Makes healthcare consumer-centric
Incorporating cloud-connected monitoring systems in the recovery can significantly improve the patient experience. Patients recovering under remote monitoring systems report patient satisfaction and increased gratitude towards the hospital. Remotely-generated data helps healthcare providers to record, analyze, and predict. The process enables clinicians to prevent complications and treat patients sooner. The recorded insights prove to be helpful in condition management and patient engagement.
What Lies Ahead
Remote Patient Monitoring is expected to grow at a compound annual growth rate of 48.9 percent through 2020, reaching an estimated 36.1 million patients according to Berg Insights. And yet, the lack of options and tech limitations are making Indian hospitals delay adoption.
- There aren’t any reliable options in the country. Additionally, doctors and hospitals do not fully understand the impact of such technology in terms or financial and clinical ROIs.
- Doctor or nurse to wonder whether the data coming in from the patient is accurate enough to support a diagnosis or treatment plan.
- Devices and platforms that capture too much data threaten to overwhelm the provider with useless information.
Although, in the coming years, the explosive availability and popularity of consumer health devices, as well as the increased willingness and ability of consumers to capture and share personal information, will significantly contribute to the continual growth of remote monitoring in clinical settings. How do we solve the above-stated three major problems in the Indian market?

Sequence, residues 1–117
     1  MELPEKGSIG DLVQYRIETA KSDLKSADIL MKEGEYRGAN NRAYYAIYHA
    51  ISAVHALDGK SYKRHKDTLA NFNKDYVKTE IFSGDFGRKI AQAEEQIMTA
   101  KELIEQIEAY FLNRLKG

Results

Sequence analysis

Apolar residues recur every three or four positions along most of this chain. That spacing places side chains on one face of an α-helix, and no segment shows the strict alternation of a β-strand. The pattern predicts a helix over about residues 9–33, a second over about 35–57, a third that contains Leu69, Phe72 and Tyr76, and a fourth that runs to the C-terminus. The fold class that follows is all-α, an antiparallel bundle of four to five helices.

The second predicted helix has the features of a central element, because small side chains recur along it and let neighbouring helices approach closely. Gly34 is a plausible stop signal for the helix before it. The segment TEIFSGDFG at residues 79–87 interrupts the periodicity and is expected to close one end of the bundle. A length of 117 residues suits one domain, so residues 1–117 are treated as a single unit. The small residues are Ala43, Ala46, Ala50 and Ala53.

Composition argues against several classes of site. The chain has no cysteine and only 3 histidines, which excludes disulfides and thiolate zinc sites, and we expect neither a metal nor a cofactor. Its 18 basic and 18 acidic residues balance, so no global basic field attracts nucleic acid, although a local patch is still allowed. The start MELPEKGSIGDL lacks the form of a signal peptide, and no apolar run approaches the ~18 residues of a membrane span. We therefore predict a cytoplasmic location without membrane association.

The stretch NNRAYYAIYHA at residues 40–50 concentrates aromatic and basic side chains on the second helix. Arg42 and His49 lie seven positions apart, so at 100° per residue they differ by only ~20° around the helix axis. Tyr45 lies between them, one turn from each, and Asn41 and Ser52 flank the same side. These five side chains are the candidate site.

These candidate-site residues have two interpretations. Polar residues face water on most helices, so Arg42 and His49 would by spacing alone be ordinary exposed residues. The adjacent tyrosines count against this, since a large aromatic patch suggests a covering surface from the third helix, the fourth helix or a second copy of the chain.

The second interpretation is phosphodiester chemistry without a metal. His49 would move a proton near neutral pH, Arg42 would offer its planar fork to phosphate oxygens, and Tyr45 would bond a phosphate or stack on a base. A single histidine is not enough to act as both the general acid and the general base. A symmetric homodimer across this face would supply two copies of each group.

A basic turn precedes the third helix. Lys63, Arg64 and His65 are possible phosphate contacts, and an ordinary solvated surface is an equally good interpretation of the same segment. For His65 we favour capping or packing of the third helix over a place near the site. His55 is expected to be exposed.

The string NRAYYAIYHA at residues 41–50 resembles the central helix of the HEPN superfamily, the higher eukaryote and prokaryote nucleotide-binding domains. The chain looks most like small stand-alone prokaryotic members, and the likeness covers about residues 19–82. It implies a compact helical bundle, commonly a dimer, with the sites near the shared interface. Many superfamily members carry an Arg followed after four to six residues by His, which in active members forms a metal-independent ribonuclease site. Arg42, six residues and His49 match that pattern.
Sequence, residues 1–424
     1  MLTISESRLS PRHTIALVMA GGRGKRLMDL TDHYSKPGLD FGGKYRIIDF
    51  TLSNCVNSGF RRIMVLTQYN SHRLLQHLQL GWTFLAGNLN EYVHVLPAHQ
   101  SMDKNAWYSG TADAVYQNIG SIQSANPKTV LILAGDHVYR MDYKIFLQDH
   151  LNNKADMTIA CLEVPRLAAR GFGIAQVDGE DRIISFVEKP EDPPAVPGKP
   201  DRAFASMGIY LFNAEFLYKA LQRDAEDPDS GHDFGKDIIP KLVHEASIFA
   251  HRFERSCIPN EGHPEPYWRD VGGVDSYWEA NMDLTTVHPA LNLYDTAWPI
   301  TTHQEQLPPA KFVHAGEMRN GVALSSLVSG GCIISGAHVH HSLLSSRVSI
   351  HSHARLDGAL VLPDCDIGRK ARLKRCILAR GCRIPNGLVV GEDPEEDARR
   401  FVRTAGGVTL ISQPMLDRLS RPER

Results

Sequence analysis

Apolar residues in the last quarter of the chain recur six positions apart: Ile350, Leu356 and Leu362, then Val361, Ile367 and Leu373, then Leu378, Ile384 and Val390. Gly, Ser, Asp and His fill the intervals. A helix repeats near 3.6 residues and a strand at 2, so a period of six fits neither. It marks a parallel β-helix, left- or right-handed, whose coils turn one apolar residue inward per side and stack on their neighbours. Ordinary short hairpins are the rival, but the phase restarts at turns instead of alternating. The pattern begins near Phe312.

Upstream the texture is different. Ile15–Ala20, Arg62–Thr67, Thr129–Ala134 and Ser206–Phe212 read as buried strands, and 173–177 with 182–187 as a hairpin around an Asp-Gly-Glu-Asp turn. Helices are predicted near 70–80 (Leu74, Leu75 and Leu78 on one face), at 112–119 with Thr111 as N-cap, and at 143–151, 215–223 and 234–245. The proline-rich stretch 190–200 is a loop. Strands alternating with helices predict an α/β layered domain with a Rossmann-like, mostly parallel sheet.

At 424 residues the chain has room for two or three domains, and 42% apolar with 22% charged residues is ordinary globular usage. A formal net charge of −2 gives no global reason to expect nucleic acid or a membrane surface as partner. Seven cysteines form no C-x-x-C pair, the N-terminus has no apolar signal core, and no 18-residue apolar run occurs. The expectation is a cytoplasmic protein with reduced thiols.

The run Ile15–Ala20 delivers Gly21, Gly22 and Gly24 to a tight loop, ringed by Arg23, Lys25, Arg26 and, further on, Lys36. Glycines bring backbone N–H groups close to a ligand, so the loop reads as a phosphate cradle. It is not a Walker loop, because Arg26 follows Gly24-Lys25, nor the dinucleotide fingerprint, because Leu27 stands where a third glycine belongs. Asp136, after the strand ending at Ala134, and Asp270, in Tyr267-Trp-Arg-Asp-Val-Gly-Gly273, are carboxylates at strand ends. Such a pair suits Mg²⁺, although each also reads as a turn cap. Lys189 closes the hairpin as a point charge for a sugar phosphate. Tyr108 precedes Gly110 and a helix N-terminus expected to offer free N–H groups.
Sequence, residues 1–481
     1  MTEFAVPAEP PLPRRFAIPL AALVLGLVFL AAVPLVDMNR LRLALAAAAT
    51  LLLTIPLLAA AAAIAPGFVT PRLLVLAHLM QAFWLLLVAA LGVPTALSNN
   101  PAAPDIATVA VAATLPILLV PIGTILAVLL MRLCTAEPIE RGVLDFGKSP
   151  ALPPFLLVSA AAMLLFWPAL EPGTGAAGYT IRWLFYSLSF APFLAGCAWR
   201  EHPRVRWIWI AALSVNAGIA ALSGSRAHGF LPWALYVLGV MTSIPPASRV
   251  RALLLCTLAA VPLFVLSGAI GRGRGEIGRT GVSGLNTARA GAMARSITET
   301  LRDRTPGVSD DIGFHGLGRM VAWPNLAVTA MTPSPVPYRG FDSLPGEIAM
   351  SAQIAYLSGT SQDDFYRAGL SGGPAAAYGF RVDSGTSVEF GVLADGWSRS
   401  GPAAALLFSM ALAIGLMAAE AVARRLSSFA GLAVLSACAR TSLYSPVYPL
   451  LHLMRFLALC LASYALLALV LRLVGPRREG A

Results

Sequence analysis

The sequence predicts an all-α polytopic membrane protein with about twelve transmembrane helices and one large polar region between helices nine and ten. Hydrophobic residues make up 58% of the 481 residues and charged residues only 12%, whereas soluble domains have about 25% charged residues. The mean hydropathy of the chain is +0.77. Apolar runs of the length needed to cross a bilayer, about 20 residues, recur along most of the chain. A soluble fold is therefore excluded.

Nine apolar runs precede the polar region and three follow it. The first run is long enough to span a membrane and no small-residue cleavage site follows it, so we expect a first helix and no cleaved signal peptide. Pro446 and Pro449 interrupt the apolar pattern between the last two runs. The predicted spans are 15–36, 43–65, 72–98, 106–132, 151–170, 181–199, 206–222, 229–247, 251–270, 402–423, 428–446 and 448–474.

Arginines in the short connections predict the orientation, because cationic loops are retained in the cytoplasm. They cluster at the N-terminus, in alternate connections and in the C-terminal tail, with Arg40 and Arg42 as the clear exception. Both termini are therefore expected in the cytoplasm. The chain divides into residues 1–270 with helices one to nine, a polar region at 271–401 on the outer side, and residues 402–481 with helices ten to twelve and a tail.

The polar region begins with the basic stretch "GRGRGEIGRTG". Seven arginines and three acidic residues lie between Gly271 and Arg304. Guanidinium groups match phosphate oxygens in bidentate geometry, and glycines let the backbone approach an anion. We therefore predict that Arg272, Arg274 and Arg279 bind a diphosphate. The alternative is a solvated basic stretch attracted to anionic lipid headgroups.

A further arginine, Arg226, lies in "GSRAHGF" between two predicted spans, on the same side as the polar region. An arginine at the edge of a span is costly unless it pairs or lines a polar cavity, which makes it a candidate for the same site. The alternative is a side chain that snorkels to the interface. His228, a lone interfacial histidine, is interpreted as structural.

Stasis is trying to solve this with a continuous remote patient monitoring system that measures six core vital signs, deploys predictive AI at the bedside and provides actionable insights to clinicians at anytime, and anywhere.
The design of the bedside Stasis Monitor focuses on simplicity than overwhelming the hospital staff with information. We have replaced the traditional waveforms and numbers with easily interpretable color-based icons to relieve patient/family bedside anxiety that results from traditional vitals monitors. It enhances the patient experience of monitoring and improves patient management through its intuitive Stasis Tablet application that serves as a centralized digital patient case sheet. Through the Stasis App doctors can remotely manage vulnerable patients on their smartphones with real-time vitals and high-resolution long-term trends.
We believe that what may be a competitive differentiator today is positioned to be table stakes over the coming decade. Remote Patient Monitoring is on its way to becoming a necessity at the hospitals in the next 5 years and we are on a mission to do it better than anyone else.
Team Stasis brings you the latest stories and trends in Indian healthcare. Our mission is to accelerate the practice of medicine toward proactive patient care.